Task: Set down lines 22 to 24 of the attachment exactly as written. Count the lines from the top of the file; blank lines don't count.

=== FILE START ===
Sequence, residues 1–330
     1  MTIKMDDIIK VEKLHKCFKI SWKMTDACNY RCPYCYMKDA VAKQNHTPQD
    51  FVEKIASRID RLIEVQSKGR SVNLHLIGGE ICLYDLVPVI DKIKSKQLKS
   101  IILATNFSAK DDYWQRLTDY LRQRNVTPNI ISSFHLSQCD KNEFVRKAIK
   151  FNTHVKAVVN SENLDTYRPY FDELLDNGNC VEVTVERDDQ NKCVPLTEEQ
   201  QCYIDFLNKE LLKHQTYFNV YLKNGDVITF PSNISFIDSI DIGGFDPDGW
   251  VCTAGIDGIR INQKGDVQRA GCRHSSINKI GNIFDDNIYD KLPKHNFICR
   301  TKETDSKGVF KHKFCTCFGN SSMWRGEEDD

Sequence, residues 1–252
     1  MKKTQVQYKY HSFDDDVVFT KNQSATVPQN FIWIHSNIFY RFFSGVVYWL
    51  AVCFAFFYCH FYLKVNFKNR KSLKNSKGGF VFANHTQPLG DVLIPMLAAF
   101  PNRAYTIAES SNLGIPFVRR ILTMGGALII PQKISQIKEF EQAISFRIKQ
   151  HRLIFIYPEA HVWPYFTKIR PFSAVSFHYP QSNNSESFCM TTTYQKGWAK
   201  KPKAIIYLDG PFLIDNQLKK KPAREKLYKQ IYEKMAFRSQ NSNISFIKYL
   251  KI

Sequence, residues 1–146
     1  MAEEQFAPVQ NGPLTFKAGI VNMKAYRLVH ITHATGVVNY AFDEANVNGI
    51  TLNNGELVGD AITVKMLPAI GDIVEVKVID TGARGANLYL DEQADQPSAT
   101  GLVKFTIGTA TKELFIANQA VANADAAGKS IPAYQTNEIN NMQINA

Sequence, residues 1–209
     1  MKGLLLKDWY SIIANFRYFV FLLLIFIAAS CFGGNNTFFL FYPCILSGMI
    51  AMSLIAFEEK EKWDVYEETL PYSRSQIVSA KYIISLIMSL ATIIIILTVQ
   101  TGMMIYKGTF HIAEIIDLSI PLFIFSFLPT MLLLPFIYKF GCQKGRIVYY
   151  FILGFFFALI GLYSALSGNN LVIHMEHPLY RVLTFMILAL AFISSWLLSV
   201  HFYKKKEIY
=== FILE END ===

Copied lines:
    51  AMSLIAFEEK EKWDVYEETL PYSRSQIVSA KYIISLIMSL ATIIIILTVQ
   101  TGMMIYKGTF HIAEIIDLSI PLFIFSFLPT MLLLPFIYKF GCQKGRIVYY
   151  FILGFFFALI GLYSALSGNN LVIHMEHPLY RVLTFMILAL AFISSWLLSV